Style in words and buildings

Choragic Monument of Lysicrates, in Athens. It is the symbol of the Driehaus Prize. (athenskey.com)

Choragic Monument of Lysicrates, in Athens. It is the symbol of the Driehaus Prize. (athenskey.com)

Andres Duany in his treatise Heterodoxia Architectonica engages the concept of classicism’s relation to language. Umberto Eco, in his On Literature, engages the concept of language’s relation to style. This blog is about the “style wars” of classicism versus modernism. In that regard, in terms of how the meaning of the concept of style has evolved, a quote from Eco’s essay “On Style” is quite interesting:

[S]peaking of style means discussing how the work of art is made, showing how it gradually emerged (even though sometimes this is only through the purely theoretical progression of a generative process), explaining why it offers itself to a certain type of reception, and how and why it arouses this reception. And, for those who are still interested in pronouncing judgments as to aesthetic value, it is only by identifying, tracking down, and laying bare the supreme workings of style that we are able to say why a given work is beautiful, why it has enjoyed different kinds of reception in the course of time, and why, although it follows models and sometimes even precepts that are scattered far and wide in the sea of intertextuality, it has been able to gather those legacies and make them blossom in such a way as to give life to something original. Only then will we be able to say why, although each of the different works by one artist aspires to an inimitable originality, it is possible to detect the personal style of that artist in each of those works.

What is the difference between originality and novelty? I have often criticized modern architecture for its focus on novelty at the expense of beauty. Originality is the effort to engage creatively within a set of rules, pushing against and even past them, with knowledge aforethought. Novelty is the effort to engage creatively without a set of rules.

Even the most orthodox classicist can barely avoid adopting his own personal approach to designing a building within the rules of classicism. Meanwhile, the modernist architect strives to generate a personal style that will differentiate himself from all other modernist architects. He doesn’t acknowledge the existence of any set of rules that bind him, often not even the laws of nature. In his claim to novelty he may fudge a bit, but his primary goal, unlike the classicist, is to be different rather than to create beauty. The style wars are fated to continue.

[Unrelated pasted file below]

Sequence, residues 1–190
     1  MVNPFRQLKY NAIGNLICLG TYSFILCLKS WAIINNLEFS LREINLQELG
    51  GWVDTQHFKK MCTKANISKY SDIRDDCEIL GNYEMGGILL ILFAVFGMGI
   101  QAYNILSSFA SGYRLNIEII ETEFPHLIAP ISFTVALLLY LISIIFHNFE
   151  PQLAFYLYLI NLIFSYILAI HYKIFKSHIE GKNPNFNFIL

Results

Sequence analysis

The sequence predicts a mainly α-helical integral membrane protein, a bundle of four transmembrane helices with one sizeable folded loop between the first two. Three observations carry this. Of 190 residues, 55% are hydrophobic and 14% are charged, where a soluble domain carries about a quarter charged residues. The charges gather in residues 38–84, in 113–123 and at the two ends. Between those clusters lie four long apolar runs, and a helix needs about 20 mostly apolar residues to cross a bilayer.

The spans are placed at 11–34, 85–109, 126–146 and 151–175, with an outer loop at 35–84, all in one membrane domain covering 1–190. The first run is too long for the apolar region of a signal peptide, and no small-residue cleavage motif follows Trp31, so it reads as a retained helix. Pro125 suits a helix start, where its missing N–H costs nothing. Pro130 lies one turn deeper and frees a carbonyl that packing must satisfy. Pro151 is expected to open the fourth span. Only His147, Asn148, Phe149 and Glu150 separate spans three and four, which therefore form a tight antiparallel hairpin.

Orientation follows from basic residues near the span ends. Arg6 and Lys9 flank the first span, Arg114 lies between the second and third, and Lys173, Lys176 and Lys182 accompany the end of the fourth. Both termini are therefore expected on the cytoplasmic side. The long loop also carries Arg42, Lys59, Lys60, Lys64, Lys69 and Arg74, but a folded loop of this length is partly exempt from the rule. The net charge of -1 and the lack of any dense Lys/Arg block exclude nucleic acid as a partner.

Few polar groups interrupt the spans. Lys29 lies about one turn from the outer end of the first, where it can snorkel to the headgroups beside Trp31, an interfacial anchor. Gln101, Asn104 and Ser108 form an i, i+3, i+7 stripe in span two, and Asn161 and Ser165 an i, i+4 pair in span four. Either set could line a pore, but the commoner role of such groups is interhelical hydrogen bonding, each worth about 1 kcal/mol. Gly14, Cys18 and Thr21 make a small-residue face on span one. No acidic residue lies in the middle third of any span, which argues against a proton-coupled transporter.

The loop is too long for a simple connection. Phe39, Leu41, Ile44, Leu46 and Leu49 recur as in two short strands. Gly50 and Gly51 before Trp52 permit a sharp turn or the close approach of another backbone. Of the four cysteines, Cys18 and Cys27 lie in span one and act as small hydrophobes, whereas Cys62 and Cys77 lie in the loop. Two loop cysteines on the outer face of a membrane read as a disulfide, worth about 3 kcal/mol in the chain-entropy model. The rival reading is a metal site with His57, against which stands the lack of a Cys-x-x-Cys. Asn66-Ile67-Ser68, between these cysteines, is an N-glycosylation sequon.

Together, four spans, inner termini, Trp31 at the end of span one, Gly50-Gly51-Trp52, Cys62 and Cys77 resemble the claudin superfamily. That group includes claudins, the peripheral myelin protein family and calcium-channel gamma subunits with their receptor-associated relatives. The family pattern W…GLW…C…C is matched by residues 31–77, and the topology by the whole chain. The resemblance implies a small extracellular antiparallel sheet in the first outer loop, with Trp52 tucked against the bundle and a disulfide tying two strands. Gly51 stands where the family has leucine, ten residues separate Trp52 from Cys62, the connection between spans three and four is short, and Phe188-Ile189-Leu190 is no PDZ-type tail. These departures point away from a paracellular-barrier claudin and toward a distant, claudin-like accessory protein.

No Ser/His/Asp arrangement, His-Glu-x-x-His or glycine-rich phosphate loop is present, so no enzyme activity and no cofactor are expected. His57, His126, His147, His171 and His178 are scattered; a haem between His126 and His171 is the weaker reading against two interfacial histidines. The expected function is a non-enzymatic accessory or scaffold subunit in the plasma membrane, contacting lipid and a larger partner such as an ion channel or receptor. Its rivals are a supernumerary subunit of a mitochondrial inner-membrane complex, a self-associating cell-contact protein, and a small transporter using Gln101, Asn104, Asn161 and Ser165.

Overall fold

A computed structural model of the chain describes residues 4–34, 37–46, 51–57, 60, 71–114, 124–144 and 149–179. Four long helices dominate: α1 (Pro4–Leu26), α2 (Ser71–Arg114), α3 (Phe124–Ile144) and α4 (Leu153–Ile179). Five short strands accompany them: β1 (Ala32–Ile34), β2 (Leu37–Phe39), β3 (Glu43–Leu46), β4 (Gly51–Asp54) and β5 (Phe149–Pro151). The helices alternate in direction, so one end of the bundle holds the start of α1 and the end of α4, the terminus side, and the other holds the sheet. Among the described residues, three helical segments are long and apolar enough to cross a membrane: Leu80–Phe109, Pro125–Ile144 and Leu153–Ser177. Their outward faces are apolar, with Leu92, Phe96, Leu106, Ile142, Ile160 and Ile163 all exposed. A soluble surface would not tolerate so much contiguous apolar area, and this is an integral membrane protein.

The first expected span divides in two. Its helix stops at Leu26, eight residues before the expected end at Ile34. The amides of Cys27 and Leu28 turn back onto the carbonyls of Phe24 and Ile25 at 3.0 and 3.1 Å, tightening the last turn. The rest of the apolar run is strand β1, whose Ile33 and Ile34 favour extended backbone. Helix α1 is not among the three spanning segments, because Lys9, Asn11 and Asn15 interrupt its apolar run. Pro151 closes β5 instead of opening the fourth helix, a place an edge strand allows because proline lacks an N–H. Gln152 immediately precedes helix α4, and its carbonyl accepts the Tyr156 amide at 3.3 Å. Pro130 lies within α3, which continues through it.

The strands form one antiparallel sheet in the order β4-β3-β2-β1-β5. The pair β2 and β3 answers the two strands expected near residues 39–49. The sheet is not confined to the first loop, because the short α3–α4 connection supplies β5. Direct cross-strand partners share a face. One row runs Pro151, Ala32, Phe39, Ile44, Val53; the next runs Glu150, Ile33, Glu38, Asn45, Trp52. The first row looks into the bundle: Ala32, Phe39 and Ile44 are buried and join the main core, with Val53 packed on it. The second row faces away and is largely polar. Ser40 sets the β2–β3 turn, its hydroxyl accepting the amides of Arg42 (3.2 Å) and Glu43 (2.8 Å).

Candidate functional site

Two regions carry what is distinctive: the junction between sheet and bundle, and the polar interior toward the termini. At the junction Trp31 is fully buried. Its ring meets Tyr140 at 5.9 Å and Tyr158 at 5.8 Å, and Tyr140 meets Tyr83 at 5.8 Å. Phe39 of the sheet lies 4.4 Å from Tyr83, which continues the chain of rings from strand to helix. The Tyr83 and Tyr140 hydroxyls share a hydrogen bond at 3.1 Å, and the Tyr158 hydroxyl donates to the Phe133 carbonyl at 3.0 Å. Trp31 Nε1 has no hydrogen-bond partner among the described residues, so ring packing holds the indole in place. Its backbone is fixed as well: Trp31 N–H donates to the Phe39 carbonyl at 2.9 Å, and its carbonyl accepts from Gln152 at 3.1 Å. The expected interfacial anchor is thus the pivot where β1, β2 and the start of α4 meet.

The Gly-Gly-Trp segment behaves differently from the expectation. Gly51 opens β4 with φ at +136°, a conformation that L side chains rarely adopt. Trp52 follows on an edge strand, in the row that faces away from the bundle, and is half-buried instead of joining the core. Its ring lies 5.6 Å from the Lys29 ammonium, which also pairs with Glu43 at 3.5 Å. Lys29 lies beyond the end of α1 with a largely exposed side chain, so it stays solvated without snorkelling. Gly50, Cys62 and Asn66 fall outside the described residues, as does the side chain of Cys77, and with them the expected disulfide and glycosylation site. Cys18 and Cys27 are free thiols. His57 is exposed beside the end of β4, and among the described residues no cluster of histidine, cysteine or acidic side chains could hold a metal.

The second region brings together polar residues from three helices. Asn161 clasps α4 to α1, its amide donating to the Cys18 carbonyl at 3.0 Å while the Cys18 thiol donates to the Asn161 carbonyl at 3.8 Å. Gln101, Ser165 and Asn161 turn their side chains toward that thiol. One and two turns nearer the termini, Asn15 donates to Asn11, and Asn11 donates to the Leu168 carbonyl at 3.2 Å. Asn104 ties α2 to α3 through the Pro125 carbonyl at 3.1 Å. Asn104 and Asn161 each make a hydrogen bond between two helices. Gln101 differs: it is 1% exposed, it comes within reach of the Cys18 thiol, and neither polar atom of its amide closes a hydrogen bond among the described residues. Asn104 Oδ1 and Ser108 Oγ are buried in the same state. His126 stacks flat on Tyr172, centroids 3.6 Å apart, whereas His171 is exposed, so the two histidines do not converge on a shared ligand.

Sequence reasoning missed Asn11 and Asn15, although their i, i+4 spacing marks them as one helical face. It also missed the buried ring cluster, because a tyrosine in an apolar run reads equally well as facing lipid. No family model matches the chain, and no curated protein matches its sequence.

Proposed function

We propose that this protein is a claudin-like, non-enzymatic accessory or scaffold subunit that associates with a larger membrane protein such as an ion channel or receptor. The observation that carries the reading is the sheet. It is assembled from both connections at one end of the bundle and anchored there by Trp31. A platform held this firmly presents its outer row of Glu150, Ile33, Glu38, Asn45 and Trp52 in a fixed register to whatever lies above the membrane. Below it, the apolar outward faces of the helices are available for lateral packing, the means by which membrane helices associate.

Classicism has more style than modernism. Anybody who knows anything about style can understand why. Architects whose sense of how to design includes when to obey the rules and when to disobey them will produce work that can be judged – that is what a stylist wants! The winners of the Pritzker Prize have won an award with little intrinsic value, since modern architecture has no genuine standards by which it may be judged. The winner of the Driehaus Award has demonstrated a tightrope walker’s command of architectural nuance that is worthy of celebration, admiration and emulation. The Pritzker is for celebrities. The Driehaus is for masters.

About David Brussat

For a living, I edit the writing of some of the nation's leading architects, urbanists and design theorists. This blog was begun in 2009 as a feature of the Providence Journal, where I was on the editorial board and wrote a weekly column of architecture criticism for three decades. Architecture Here and There fights the style wars for classical architecture and against modern architecture, no holds barred. My freelance writing and editing on that topic and others addresses issues of design and culture locally and globally. I am a fellow of the Royal Society of the Arts, and a member of the board of the New England chapter of the Institute of Classical Architecture & Art, which bestowed an Arthur Ross Award on me in 2002. I work from Providence, R.I., where I live with my wife Victoria, my son Billy and our cat Gato. If you would like to invest your prose with even more style and clarity, please email me at my consultancy, dbrussat@gmail.com, or call 401.351.0457. Testimonial: "Your work is so wonderful - you now enter my mind and write what I would have written." - Nikos Salingaros, mathematician at the University of Texas, architectural theorist and author of many books.
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